Adolescence is just one big walking pimple.
The process of rapid physical changes in adolescence is called puberty. It starts gradually, from around eleven years for girls and thirteen for boys. The age at which puberty starts has been dropping in most countries, probably due to better nutrition. So, your children may hit puberty earlier than you did. The hormone changes responsible actually begin some years earlier and may produce periods of moodiness and restlessness. Girls start these changes before boys and will, for the first three or four years, appear to be maturing much faster. After this, boys catch up. These changes include:
For girls: menstrual periods, growth ...view middle of the document...
• Real disagreements emerge for the first time as young people develop views of their own that are often not shared by their parents. • As everybody knows, adolescents spend a lot of time in each other's company, or on the telephone to each other. Although this can be irritating to parents, it is an important way of becoming more independent. These friendships are part of learning how to get on with other people and gaining a sense of identity that is distinct from that of the family. Clothes and appearance are a way of expressing solidarity with friends, although teenage children are still more likely to get their values from the family.
• Parents often feel rejected, and in a sense they are. But this is often necessary for young people to develop their own identity. Even if you have rows and arguments, your children will usually think a lot of you. The rejections and conflicts are often not to do with your personalities, but simply with the fact that you are parents, from whom your children must become independent if they are to have their own life. • As they become more independent, young people want to try out new things, but often recognise that they have little experience to fall back on when things get difficult. This may produce rapid changes in self-confidence and behaviour - feeling very adult one minute, very young and inexperienced the next.
• Being upset, feeling ill or lacking confidence can make them feel vulnerable. They may show this with sulky behaviour rather than obvious distress. Parents have to be pretty flexible to deal with all this, and may feel under considerable strain themselves.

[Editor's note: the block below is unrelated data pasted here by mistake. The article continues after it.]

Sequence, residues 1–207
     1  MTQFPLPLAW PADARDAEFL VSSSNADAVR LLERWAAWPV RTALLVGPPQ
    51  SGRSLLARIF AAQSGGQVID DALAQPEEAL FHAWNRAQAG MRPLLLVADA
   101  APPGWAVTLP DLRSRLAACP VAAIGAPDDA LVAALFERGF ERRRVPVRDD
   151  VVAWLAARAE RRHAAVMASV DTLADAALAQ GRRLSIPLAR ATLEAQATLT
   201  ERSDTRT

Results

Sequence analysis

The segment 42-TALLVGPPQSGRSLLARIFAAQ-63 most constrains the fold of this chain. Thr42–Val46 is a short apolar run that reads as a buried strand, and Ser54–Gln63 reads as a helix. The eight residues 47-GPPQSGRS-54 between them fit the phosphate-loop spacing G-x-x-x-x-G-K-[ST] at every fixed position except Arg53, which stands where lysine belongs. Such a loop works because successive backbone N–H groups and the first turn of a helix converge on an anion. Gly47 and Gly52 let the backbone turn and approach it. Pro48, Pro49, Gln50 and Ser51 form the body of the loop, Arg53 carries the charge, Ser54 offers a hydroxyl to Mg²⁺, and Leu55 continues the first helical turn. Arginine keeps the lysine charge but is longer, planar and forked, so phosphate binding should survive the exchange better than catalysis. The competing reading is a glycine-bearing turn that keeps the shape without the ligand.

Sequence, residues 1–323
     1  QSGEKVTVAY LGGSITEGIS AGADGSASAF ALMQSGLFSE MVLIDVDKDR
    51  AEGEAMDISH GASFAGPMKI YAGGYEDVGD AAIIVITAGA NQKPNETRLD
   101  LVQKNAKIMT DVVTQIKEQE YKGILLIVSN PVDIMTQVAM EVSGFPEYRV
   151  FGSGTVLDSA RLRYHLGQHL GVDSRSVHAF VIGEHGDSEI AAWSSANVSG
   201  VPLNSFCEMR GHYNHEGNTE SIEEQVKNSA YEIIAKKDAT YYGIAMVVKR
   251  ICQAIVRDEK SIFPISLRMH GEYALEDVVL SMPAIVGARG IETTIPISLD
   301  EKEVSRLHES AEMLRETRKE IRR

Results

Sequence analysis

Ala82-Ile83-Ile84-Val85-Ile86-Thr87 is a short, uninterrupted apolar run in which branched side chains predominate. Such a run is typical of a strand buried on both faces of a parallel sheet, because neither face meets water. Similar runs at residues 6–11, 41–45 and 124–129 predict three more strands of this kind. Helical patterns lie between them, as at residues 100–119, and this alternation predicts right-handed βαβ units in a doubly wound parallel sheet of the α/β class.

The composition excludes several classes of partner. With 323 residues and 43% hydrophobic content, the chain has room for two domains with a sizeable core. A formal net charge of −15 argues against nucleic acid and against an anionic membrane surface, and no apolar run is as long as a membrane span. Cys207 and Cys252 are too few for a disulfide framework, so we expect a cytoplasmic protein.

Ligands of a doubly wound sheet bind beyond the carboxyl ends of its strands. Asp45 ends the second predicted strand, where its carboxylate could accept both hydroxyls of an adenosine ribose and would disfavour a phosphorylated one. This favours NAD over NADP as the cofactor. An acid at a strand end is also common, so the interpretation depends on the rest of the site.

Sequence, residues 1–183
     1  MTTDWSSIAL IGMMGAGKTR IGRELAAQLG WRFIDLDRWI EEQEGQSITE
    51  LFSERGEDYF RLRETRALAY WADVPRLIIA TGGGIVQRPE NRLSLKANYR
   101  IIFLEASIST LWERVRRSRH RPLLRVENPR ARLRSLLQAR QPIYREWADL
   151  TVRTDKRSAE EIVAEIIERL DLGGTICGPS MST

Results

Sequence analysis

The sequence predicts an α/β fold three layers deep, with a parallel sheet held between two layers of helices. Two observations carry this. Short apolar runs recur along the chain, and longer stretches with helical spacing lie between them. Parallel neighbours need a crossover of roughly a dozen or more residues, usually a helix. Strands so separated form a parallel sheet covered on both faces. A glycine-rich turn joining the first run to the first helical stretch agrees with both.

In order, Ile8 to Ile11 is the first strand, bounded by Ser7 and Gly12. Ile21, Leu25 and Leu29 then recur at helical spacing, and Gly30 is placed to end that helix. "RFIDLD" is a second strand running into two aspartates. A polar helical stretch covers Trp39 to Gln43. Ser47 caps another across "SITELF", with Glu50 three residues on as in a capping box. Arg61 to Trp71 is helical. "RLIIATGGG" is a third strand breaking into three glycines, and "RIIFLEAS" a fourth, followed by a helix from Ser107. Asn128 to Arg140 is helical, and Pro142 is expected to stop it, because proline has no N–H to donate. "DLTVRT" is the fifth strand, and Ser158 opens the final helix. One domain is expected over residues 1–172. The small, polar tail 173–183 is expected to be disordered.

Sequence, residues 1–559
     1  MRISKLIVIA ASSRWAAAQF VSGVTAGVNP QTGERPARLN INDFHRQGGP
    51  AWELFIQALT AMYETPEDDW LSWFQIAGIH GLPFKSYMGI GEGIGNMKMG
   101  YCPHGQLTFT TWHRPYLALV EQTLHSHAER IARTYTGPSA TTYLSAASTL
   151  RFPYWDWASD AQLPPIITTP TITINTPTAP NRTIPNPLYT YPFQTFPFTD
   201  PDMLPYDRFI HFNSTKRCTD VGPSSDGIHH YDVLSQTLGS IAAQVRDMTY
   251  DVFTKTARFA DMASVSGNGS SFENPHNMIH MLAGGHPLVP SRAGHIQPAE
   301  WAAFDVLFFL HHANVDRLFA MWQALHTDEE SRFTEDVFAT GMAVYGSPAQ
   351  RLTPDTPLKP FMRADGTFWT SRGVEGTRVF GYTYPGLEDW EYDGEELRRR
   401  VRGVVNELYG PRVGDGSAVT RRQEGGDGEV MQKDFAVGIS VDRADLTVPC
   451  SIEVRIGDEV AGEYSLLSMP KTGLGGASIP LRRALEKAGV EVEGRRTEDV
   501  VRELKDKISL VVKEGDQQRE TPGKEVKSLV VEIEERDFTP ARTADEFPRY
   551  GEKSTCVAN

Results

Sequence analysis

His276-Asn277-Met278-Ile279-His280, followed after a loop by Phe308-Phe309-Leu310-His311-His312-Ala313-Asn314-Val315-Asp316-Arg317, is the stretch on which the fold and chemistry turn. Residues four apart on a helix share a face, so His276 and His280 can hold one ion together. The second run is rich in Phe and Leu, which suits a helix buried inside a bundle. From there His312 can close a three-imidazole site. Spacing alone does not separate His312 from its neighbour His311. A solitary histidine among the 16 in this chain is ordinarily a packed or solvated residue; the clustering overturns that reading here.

• Adolescence is the time when people first start in earnest to learn about the world and to find their place in it. This involves trying out new experiences, some of which may be risky or even dangerous.
• Young people can crave excitement in a way that most adults find difficult to understand - and exciting activities may be dangerous. Fortunately, most people manage to find their excitement in music, sport, or other activities that involve a lot of energy but little real physical risk.
• When they do experiment - with drink or drugs or smoking - it is usually with friends. If a young person does this alone, they are in much greater danger. Warnings from older adolescents will usually be taken more seriously than those from parents.
• Over-eating, excessive sleepiness and a persistent over-concern with appearance may be signs of emotional distress.
• Anxiety may produce phobias and panic attacks. • Recent research suggests that emotional disorders are often not recognised, even by family and friends.
• At some time, 4 out of 10 adolescents have felt so miserable that they have cried and have wanted to get away from everyone and everything.
• During their adolescence, more than 1 in 5 teenagers think so little of themselves that life does not seem worth living. In spite of these powerful...